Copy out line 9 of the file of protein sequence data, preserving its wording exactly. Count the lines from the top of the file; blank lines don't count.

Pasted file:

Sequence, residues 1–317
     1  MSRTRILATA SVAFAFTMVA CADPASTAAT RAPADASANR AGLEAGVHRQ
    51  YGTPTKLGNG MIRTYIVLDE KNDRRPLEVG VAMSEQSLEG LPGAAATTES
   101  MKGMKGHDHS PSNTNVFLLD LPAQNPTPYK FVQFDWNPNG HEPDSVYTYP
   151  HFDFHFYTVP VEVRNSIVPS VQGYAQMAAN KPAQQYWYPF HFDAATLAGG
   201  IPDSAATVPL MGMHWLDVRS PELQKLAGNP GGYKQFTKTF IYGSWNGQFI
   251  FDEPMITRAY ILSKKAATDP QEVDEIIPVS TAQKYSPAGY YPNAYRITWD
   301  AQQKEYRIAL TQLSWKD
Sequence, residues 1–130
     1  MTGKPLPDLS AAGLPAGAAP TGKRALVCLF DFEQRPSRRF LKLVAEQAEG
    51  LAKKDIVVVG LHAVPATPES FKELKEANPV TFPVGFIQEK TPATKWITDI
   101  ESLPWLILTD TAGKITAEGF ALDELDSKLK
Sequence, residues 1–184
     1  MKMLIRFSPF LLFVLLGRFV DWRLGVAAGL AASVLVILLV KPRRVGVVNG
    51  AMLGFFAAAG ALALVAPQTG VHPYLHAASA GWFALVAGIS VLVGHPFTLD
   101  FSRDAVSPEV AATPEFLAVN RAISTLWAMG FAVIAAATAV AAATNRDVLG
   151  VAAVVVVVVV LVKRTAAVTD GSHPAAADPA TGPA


Sequence, residues 1–130